Lenovo is one of those manufacturers that we can’t wait to see make their way into the US. They already have a few tablets available here in the US, but as far as phones go they are non-existent. Lenovo already has the brand recognition, much like HP and Acer. So they’d do very well here in the US. Especially if they brought the K900 over here. But today we are looking at their “budget” tablet, the IdeaTab A1000. The specs are somewhat low, which we’ll take a look at in a minute, but the overall performance of the device actually surprised me. Here’s the spec sheet:
- 7-inch 1024×600 resolution TFT Display
- 1GB of RAM
- 16GB internal storage; expandable via microSD card slot
- Android 4.1
- Mediatek 8317 dual-core processor running at 1.2GHz
- front-facing VGA camera
- 3500mAh battery
As you can see the specs are pretty lacking, especially the 4GB of storage for apps. In fact, during my testing I had to uninstall some apps so I could install the benchmarking apps we use in the benchmarks portion of the review. That really made me sad. But we’ll talk more on that later on in the review
The hardware on the A1000 feels a bit plasticky, but for $149 that’s exactly what I’d expect. On the front you’ve got a 7-inch 1024×600 resolution display, dual front-facing speakers and your VGA camera up top. It was really nice having those front-facing speakers, like the Nexus 10. At the top you’ve got your power button, headphone jack and microUSB port for charging. Going over to the right side you’ve got the volume rocker and microSD card slot, and there’s essentially nothing on the left and bottom. On the back you have your assortment of logos, and FCC information.
The display is a 1024×600 resolution display, but honestly, it wasn’t as bad as I thought it would be. In the past few months I’ve reviewed about 2-3 tablets with 1024×600 resolution displays and I haven’t seen one that looked this nice. Now I know that’s now saying much. The touch screen was also much more responsive than on other 1024×600 displays I’ve used as well. Which made me comfortable using it. Then again the lack of storage kept me from using it as much as I could have.
We’ve talked about this a bit already, but the lack of storage is really the thing holding back this tablet. 4GB shouldn’t even be an option in today’s world. That’s not even enough room for a game. Especially when you only get about 503MB of actual usable storage in the device. It’s a 16GB model, but only 503MB for apps, based on how the storage is partitioned. Which really stinks.
Update: Lenovo has just contacted me to let us know that they are pushing out an OTA right now which will repartition the internal storage giving you more than 512MB of storage for apps. Of course the device still supports a microSD card slot so you’ll still have plenty of room for movies and such.
The IdeaTab A1000 is running on a dual-core MediaTek chip which is clocked at about 1.2GHz. Now I first thought the chip might be lacking, but it actually took everything I threw at it and did not lag at all. So good job to MediaTek and Lenovo on that one. I would like to see 1.5 or 2GB of RAM inside though. But then again this is a $149 tablet. Which makes the performance on par with the price of the device.
This one’s running Android 4.1.2, along with Lenovo’s custom UI which I’m not sure has a name. Lenovo’s custom UI is actually pretty minimal. The only real differences I noticed is how you move things around on your homescreen. Along with the toggles in the notification bar. Everything else is right on bar with stock Android, which is definitely refreshing to see. As far as bloat goes, there’s only about 4-5 apps pre-installed that aren’t Google apps. In which they are able to be disabled, which is also great to see.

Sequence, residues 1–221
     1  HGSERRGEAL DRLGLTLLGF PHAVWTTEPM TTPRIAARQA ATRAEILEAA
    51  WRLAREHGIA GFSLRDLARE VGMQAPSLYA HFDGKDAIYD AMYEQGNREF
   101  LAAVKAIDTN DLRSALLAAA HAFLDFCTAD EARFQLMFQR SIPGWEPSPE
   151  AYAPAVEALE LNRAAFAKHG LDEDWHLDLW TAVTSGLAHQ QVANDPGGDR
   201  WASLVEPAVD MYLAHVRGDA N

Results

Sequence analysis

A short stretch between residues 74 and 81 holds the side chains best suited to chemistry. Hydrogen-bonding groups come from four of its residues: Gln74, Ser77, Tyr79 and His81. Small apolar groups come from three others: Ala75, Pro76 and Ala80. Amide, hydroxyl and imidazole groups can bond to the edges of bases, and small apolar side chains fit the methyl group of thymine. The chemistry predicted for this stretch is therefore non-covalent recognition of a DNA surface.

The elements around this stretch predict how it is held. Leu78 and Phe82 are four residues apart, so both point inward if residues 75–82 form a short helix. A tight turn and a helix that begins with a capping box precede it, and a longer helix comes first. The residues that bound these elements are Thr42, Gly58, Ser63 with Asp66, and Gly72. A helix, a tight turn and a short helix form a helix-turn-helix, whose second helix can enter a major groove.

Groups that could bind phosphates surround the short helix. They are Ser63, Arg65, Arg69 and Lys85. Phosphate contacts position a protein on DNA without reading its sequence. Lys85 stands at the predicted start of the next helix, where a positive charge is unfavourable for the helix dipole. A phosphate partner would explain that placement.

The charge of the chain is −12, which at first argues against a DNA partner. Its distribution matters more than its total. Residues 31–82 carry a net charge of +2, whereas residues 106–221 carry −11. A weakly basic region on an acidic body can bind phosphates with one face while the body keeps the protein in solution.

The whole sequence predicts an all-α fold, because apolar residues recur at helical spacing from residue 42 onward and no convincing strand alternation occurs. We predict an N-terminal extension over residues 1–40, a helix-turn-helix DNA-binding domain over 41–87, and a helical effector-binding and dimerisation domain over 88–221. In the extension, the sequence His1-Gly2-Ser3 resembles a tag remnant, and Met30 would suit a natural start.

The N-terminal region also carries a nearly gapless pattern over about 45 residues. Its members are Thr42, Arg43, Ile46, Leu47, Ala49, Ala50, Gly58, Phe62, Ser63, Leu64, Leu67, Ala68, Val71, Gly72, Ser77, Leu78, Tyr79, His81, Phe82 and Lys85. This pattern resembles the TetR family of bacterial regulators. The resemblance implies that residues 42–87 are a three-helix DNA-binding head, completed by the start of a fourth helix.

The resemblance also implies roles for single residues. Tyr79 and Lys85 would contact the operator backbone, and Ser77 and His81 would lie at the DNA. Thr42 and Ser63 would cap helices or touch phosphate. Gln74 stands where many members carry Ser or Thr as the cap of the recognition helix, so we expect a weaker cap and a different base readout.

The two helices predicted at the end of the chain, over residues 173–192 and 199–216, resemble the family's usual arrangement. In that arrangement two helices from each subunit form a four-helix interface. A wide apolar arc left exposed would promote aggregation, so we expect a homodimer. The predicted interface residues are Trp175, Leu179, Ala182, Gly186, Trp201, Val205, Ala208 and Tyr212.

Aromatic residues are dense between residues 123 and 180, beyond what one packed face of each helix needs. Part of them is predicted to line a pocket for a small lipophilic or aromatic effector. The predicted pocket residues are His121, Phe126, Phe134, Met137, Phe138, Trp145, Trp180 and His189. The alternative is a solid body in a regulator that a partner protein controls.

Battery life on this tablet has been pretty amazing. But the fact that I haven’t used it as much as I would my Nexus 7 (due to the space constraints) has probably helped that cause. I typically get a few days out of each battery cycle. As you can see from the current cycle I’m sitting at almost 21 hours with 86% left. Which is not bad at all. I kind of wish all tablets had battery life like this, and even phones.
- Battery Life: It’s pretty good, at least for me it was. It would probably have taken more of a hit if I could actually install more apps onto the device.
- Lenovo’s Custom UI: It’s great to see a custom skin or UI from a manufacturer that doesn’t make you forget about stock Android. As someone who loves stock Android, I really appreciated the minimalness of their skin.
- Speakers: Since I reviewed the Nexus 10, I’ve been in love with any device with front-facing speakers, even the HTC One. And seeing those on the IdeaTab A1000 really made me happy. The speakers are easily the best feature of this tablet.
- Display: In 2013, I can’t even believe that a 1024×600 resolution display actually exists on tablets. Especially when tablets have 1920×1200 and 2560×1600 resolution displays.
- Storage: This is a definite bad thing for the IdeaTab A1000. Which could be fixed if Lenovo just allowed us to use all the 16GB for apps instead of partitioning it.
- Android 4.1: It’s not 2 versions of Android behind. I know that Android 4.3 just came out this week, but it still should have had Android 4.2 by now, right?
Should you buy this tablet? Probably not. If you can’t afford the $80 extra to get the new Nexus 7, then I’d say go for this one. Otherwise I’d say skip it for the new Nexus 7 as the specs are much better. Overall I was actually quite impress by this device. When I checked out the specs for the tablet, I thought it was going to be a pretty laggy device with a poor screen. I was quite surprised to see no lag at all and a relatively adequate screen. The IdeaTab A1000 is available from Lenovo now and should be hitting retailers soon, if they aren’t there already.